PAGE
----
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At 5:55 AM the sounds started coming though the baby monitor.
Last night it took nearly two hours of rocking and crying to finally get the boy to pass out at 9 PM.
If morning breath can silently moan, then mine sure did. Everything in me wanted to turn the monitor off and go back to sleep.
But the words “forced introversion” and “maybe too much time alone for a three-year-old” rang in my ears. The words came from a friend, a well-intentioned one. (A lot of what she said was helpful so friend-who-knows-who-you-are, we are good, girl.)
This child of mine has brought me to the end of myself this week. No really. At one point I actually laid on the floor in front of him crying.
There’s been screaming and yelling and hitting and pushing and kicking and thrashing and ugly faces and ugly backtalk and we don’t know why.
He doesn’t want to go places. Every morning he asks to stay home from wherever-it-is-we-are-going.
In fact, it’s now 6:21 and he’s already looked at the church picture on his new visual calendar and said “We’re going to stay home, we’re not going to church, we are going to watch Wild Animal Babies and not go to church.”
But I suppose that just par for the course when you have a three-year-old who declares, “I do NOT want to love Jesus!”
But we push through and go anyway. And the results are horrible.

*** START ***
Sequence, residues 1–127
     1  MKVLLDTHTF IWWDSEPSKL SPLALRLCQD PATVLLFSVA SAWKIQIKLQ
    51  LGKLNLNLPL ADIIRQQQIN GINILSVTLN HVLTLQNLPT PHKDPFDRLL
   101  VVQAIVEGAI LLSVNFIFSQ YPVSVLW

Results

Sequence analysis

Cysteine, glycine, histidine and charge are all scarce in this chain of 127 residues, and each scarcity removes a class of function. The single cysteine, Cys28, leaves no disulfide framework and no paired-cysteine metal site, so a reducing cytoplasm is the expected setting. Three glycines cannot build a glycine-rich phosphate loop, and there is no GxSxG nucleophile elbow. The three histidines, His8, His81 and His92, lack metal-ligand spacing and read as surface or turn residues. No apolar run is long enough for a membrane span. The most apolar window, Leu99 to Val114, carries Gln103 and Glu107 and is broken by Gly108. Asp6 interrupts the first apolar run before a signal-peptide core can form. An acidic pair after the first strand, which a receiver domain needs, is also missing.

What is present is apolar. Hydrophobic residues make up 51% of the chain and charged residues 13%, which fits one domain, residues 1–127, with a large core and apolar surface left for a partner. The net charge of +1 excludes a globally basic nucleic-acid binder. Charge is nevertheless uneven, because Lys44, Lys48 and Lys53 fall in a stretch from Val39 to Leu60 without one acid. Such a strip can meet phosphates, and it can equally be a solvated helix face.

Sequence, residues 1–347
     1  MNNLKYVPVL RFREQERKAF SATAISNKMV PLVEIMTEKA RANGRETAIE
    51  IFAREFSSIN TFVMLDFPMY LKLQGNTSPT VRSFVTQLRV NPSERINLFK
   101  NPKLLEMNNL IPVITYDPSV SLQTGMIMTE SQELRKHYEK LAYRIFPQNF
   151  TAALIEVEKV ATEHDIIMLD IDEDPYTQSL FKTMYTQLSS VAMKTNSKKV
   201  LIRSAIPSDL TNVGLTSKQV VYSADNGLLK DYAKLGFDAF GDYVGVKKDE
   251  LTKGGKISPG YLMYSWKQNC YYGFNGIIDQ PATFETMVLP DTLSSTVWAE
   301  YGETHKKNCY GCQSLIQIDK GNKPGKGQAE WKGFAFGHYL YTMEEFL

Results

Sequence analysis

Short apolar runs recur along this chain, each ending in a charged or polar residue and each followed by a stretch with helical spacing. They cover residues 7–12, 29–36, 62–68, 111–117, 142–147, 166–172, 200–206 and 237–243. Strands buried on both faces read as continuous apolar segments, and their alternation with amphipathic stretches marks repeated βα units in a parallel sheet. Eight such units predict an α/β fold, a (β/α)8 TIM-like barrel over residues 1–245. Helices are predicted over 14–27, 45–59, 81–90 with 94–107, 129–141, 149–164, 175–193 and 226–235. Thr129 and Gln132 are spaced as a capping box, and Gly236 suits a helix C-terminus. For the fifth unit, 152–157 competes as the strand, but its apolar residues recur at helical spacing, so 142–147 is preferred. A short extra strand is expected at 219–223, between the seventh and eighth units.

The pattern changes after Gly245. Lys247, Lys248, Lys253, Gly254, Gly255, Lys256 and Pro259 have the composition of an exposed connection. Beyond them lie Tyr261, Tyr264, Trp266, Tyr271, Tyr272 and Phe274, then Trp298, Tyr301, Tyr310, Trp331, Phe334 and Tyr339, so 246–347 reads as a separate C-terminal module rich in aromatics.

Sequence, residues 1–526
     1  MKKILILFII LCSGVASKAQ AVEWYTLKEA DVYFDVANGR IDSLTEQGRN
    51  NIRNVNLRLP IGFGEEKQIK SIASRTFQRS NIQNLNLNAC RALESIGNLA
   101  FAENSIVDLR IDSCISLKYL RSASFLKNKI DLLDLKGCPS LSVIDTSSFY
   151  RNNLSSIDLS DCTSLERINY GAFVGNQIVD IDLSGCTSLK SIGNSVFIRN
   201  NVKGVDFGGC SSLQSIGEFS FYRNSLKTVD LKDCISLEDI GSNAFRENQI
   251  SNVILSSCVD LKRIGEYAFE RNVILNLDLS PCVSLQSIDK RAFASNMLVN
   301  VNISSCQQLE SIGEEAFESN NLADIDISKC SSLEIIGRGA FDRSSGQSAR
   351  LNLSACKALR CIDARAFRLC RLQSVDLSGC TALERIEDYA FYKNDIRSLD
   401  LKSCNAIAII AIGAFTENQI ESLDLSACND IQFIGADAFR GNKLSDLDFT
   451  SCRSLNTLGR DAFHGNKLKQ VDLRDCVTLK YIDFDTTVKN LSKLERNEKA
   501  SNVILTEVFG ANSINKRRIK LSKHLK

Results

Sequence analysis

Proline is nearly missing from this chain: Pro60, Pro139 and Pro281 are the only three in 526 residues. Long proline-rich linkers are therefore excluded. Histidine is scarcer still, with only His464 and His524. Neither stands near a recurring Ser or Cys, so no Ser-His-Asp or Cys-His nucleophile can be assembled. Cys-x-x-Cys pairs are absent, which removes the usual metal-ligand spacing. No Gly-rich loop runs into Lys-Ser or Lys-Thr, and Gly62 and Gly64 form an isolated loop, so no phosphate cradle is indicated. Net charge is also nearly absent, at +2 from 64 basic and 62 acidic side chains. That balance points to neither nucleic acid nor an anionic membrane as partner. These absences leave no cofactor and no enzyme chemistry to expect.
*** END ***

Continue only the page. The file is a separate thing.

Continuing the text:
“He hit me today,” said Wednesday teacher.
“He had to go see Mrs. The-Worker-Lady-Who-Kids-See-When-They-Are-Too-Much-To-Handle three times today,” said Thursday teacher.
“I almost came to get you, but it was so close to the end so we took a walk instead,” said Mrs. The-Worker-Lady-Who-Kids-See-When-They-Are-Too-Much-To-Handle.
“He won’t stop crying and now he’s taking toys from the other kids and throwing them,” said Saturday childcare worker interrupting my workout after 20 minutes.
He tells me as we are leaving the gym that he wants to stay with me and that “leaving mommy is a sad choice.”
And so in desperation I ask for advice and the words in return make me second guess everythin.
“Maybe he’s feeling anxious about being apart from you so much if you are apart for the quiet times,” another friend says.
Maybe whitespace for my boy (and thus whitespace to give mommy peace and mind) is backfiring right in my tired face. Maybe the choice to let him play in his room first thing in the morning while I sleep in, listen to the Bible on my phone, and take a sip or two of coffee in peace isn’t actually making me a better mother but a worse one because I’m actually failing to meet his needs the way I should.
That’s not what they were saying, of course. But it’s where my brain goes and I can’t help but wonder if I’m making yet another mistake.
So this morning, at 6am, my feet hit the floor. I went in to get him. I picked him up and hugged him and realized he had grown (my arms so sensitive they are weight detectors).
I turned on Netflix and gave him a banana and strawberries and a bowl of Kix and he turned and snarled, “I SAID I wanted toast! Now get me toast!”
I tell him that we don’t talk to Mommy that way and that’s not how we ask and inform him that we have to eat what Mommy gave him and then we’ll talk about toast. One 20-minute show later and all of his food is gone and he’s asking for toast. So I make him two pieces, and I know he will eat them because yesterday he ate a-horse-and-a-half for breakfast too.
You know what’s hard? When Mommy needs whitespace but the boy just needs Mommy – and lots of Mommy. This morning, I choose the boy. (Just as soon as I’m done with this blog post that is…)
Now it’s 6:44 and I’m going to go brew a cup of coffee and cuddle on the couch and watch Wild Animal Babies.